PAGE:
Wednesday, 30 October 2019

Scillies - Day 3 - Island crusing & a Citrine Wagtail

Spoonbills in flight
Flock of Spoonbills
Great sailing
Lunchtime snack St Marys style
Basking Shark
Basking Shark
Basking Shark
Citrine Wagtail
Citrine Wagtail
Citrine showing inbetween cows legs

With my dodgy sea legs getting a new level of confidence I decided to jump on Joe Penders trip around the western islands for the morning. £20 for three hours sailing seemed pretty good value.

Our first stop was Green Island where there was a record count of 7 Spoonbills that posed nicely before doing a circuit of the boat.  It is now difficult to remember how hard it was to see this species.

On the beaches of Tresco there were a large group of Ringed Plover and further along there were Great Black-backed Gulls & my first Shelduck of the trip. A Peregrine sat high on the edge of St Martins and we passed a group of Curlew on the waters edge.

It was very choppy around the Western Isles where there were 2 Purple Sandpipers & 4 Turnstone. As we returned to the cover of the islands we passed a Common Scoter (camera on wrong setting) & a Great Northern Diver.

As we edged back to St Marys, Adam picked up a basking shark from the rocks that he whatsapped to the group. As soon as news reached the boat we headed towards his sighting. After a little patience right in front of us was the Basking Shark. It came right beside the boat giving us amazing views.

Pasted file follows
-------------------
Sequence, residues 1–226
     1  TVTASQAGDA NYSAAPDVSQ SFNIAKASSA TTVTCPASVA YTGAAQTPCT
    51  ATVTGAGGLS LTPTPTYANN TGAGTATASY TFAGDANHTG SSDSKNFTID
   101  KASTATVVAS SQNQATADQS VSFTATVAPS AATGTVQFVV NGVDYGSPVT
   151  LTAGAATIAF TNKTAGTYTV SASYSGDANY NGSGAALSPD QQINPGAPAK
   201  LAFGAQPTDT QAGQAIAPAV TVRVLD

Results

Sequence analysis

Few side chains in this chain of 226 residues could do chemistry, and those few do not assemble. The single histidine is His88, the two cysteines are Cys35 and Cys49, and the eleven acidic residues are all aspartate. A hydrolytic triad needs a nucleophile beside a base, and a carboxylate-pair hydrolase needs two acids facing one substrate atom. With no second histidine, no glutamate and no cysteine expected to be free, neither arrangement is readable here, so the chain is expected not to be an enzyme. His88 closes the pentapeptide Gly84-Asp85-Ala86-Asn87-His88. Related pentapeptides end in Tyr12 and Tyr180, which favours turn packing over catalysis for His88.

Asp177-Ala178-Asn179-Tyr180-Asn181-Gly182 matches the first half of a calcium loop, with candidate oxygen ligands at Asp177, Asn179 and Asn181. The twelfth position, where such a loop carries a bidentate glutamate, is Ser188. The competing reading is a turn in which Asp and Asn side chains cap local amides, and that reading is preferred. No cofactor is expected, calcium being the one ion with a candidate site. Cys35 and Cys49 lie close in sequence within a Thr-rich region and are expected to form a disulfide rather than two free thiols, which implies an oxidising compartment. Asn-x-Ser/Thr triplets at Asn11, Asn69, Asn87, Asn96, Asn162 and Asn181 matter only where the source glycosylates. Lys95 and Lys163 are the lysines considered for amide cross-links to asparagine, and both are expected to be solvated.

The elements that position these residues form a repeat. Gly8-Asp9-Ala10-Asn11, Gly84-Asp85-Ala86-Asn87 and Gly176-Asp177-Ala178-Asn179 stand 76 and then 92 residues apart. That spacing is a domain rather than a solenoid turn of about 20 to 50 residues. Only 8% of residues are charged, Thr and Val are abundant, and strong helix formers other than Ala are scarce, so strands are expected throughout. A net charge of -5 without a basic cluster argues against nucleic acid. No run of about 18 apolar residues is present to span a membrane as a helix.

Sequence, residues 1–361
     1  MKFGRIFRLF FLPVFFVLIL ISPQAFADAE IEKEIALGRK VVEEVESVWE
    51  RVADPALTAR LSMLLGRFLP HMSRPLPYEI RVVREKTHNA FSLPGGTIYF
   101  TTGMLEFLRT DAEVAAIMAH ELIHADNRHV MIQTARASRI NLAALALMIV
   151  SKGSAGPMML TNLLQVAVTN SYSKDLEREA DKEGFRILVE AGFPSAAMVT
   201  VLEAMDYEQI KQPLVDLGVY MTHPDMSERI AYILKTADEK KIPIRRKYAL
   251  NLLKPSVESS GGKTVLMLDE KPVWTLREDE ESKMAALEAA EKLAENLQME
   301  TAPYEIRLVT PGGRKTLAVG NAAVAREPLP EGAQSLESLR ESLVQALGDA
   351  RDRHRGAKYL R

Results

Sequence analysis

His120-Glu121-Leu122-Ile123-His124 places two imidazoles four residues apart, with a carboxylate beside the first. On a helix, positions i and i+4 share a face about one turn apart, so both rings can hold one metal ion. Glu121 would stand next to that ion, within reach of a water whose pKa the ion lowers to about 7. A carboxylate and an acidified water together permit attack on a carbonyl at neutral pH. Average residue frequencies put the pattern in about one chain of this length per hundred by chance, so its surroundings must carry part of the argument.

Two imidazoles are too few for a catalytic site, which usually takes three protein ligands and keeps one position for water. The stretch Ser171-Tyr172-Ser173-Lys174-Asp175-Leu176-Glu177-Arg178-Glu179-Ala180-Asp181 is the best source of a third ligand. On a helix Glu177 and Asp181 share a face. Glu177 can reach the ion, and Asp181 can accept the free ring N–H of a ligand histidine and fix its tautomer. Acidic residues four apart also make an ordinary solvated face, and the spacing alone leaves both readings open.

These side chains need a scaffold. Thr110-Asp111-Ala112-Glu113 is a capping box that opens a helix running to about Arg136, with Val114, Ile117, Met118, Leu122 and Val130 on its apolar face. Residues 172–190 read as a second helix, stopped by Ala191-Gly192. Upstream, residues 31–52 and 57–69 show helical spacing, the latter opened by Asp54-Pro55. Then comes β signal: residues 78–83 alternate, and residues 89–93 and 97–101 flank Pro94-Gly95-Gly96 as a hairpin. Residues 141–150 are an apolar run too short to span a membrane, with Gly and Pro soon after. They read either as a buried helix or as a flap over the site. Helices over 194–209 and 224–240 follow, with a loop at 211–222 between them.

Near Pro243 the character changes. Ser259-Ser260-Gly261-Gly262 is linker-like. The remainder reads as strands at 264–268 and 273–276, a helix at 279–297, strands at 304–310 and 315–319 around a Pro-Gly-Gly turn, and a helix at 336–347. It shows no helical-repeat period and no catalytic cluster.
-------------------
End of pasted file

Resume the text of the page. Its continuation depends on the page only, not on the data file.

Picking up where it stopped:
Our final sighting was unbelivable, the Blue Rock Thrush from the boat !! To be honest I got better views from the boat that I did walking around the headland the whole week.

After returning to dry land and having a very tasty pasty from the deli I headed to the north of St Marys. I was enjoying watching a Firecrest & Blackcaps at close quarters when news broke of a Citrine Wagtail just five minutes from where I was. It was a case of standing on my tiptoes to see the bird through the ferns as this little beauty flew around with the Meadow Pipits in a sheep field.

Scillies - Day 2 - Early hope & plenty of miles on St Marys

Hen Harrier
Rock Pipit
Ringed Plover
Pink-footed Geese

I'd just reached the front door of our Scillies house when Paul shouted me back. A possible Chesnut-eared Buting had been seen up on the fields towards Peninis Head. We all quickly marched up in hope but the bird was seen in flight and on top of the bushes before flying off towards the airport. (Also heard at this location). Large numbers of birders then appear to search through all the local weedy fields before the search widened. Sadly there was no further sign. Apparently the finder will not be submitting the bird as we weren't happy he saw it well enough.

Oh was time to put in some miles around St Marys which I always enjoyed. Whilst on the head land a rin-tail Hen Harrier through flew heading towards Bryher. I teamed up with Jake and we completed a long circuit. Throughout the walk there was a steady flow of Redwings & Fieldfares again.